Photo of the Month: Evening Light in Dog Cove

Photo of the Month: Evening Light in Dog Cove

Friday, December 30, 2022

Colorado 2022 Day One: The Devil's Backbone and Keyhole

Our first full day in Colorado came earlier than expected. Since we had pushed so hard on the drive out and arrived ahead of schedule, we had more flexibility than we had anticipated. This proved to be a good thing on many levels. 

First and perhaps most importantly, we were able to sleep in as much as you can with a baby in tow. Next, we were not rushed with our grocery trip. Usually, I am getting to a grocery late in the afternoon and in a big rush to get on to my camping spot before dark. This time, we were able to take our time and make sure we had all the necessities for the next few days of camping. Of course, we also had groceries close to our first camping spot, but the prices in Estes Park would be MUCH higher than those in Loveland. It was in our best interest to get as much as possible before heading into the mountains. Finally, extra flexibility meant that we were going to be able to hang out with a good friend of my wife's for more than just a quick bite to eat. 

The night before, I had studied maps of the area and tried to think of a place I hadn't hiked but wanted to. The Devil's Backbone came to mind rather quickly and plans were set for lunch and then a hike. Leah's friend Wiz showed up around lunch. Panera was a treat since we knew that we would be eating camp food for the next couple of weeks for the most part. Afterwards, we drove out to the Devil's Backbone Open Space just outside of town. The heat was oppressive, so we made sure to put up the sunshade for the baby and take plenty of water. While longer hikes are possible, we decided to simply hike up and see the Keyhole on the Wild Loop trail. This would allow us to see the main geologic feature up close and get us back to the safety of the AC in the car sooner rather than later. 

This was the perfect warmup hike for Leah and me. We needed to acclimate quickly because of the big plans we had for the next day or two hiking wise. Already in decent shape, this hike was more of a short walk/stroll except for the heat. A couple of quick miles makes this perfect for people without much time or for those who don't want anything big. Here are a few of the highlights from the first half of the hike shot quickly on my cellphone. 

Yellow wildflowers along the Wild Loop trail at Devil's Backbone

Cumulus clouds float above the Devil's Backbone

Wide open spaces on the Wild Basin loop trail at Devil's Backbone Open Space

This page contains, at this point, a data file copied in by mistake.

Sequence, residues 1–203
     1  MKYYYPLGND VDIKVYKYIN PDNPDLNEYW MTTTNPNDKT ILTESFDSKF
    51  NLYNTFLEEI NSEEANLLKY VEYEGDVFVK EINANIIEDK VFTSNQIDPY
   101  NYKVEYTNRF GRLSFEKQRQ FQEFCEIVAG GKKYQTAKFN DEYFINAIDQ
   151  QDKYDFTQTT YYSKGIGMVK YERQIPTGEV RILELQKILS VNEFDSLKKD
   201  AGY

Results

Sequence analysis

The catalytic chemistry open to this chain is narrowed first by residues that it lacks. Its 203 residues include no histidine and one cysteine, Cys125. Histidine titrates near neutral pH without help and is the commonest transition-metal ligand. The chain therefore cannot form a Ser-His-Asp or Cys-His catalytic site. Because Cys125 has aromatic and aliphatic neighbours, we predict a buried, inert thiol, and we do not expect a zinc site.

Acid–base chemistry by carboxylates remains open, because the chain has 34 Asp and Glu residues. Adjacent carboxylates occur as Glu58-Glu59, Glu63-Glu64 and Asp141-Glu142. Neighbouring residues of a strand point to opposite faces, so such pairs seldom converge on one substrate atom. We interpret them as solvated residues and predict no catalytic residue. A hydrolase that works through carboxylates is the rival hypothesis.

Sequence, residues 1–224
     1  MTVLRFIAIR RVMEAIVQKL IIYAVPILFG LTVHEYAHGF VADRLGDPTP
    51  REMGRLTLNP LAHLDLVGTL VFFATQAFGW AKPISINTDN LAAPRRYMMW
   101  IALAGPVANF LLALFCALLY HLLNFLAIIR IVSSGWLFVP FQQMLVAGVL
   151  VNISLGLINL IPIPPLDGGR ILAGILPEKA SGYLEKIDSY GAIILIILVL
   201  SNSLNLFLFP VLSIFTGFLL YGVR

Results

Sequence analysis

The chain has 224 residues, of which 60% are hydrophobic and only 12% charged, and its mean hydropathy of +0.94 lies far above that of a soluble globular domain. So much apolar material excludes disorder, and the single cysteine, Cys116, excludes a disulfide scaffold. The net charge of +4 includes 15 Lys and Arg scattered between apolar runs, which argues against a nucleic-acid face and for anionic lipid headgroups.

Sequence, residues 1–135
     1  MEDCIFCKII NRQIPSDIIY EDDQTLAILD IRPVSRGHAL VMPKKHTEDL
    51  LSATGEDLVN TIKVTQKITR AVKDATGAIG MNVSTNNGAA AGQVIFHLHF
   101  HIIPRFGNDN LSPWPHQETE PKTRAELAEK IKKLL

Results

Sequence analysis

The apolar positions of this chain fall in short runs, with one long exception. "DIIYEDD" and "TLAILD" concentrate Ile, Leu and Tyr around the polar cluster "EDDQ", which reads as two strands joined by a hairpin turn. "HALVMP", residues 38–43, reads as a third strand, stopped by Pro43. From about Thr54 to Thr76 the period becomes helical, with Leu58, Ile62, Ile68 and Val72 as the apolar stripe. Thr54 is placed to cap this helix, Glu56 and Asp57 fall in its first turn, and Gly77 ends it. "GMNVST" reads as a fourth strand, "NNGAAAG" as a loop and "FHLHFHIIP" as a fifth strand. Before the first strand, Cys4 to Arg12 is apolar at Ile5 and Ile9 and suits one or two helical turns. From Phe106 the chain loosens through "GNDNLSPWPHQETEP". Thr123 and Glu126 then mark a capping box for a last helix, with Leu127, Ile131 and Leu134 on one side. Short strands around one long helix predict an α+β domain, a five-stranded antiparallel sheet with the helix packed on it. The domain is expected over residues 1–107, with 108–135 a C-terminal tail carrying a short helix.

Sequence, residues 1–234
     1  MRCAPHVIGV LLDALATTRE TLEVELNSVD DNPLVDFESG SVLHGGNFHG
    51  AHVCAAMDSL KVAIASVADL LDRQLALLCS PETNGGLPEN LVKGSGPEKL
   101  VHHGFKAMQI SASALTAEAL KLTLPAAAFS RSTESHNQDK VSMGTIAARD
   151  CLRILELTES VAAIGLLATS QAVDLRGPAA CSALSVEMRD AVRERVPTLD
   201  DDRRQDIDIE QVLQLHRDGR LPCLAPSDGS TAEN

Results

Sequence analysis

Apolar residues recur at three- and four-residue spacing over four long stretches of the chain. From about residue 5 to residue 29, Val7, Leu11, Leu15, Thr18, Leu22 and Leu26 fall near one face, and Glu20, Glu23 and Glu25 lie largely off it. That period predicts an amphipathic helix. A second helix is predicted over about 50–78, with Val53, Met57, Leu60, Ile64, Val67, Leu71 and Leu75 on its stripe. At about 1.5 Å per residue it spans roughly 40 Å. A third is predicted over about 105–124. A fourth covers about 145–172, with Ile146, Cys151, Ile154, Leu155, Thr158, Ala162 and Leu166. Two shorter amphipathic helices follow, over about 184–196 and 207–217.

The Devil's Backbone begins to come into better view

Wildflowers along the Wild Basin Loop Trail at Devil's Backbone

Finally, the trail wound up into the shadow of the Devil's Backbone itself as the trail approached the Keyhole. This is a neat window through the Devil's Backbone that overlooks the next valley beyond. The shade was a welcome respite from the heat. The baby was fast asleep for her midday nap at this point. Those were the days when we could put her in the kid carrier and expect her to fall asleep quickly. 


The Keyhole at Devil's Backbone near Loveland Colorado


After relaxing and visiting in the shade for a bit, it was time to head back to the car. We made good time and the baby started waking up right as we got back. Of course, she was anxious to get down and explore, so we let her stretch her legs before the drive up to Estes Park and Rocky Mountain National Park for our first night of camping. 



On the drive up to Rocky Mountain National Park, we would have the first in a series of unfortunate but memorable incidents on this trip. That is a story for another day, however. 

Prominent Devil's Backbone rising above Loveland Colorado



Monday, December 26, 2022

Western Adventures For 2022

This year, my family and I made it back out west after a year off. In that time, we added a new family member which would make this trip both richer and also more challenging. That also had a lot to do with why we missed a year. In case you forgot, the last time we were out west was for our epic trip to Glacier National Park for a TON of hiking and northern Idaho for my quest for a bull trout. Those stories encompass some of my all time favorite adventures, so we had high hopes for this next installment of our western adventures. 

The first challenge of traveling cross country with a one year old was how to keep her entertained and also not lose our minds with her fussing. It seemed like the perfect opportunity to break out one of my favorite traditions, driving late at night cross country. This is something I've been doing ever since I started traveling out west and have done many times since. On some of the trips, it was a most of the night type drive, with a couple of hours spent in a rest area. Occasionally I would even drive straight through the night without stopping. For this trip, our plan was to just take advantage of the first hours of the night. We figured the little one would fall asleep shortly after sunset and give us some uninterrupted driving hours. The goal was to find a hotel somewhere around St. Louis.

Well, like most well laid plans, things went awry. The baby slept beautifully which made our traveling much more pleasant. We stopped for supper around sunset at a rest area in southern Illinois along I-24 just north of Paducah, KY. A quick picnic included some time for the little one to run around and burn a little energy. After that, she went to sleep easily enough. 

By the time we were approaching St. Louis, it was getting late enough that we were ready to stop and get some good rest for a hard drive the next day. My wife started checking for hotel accommodations online. My first inkling that we were in trouble came when I asked her what she was finding and her reply was a looooong time in coming. Apparently there aren't enough hotel rooms in the St. Louis area, or maybe there was a big event going on that we didn't know about. Either way, there were no rooms to be had.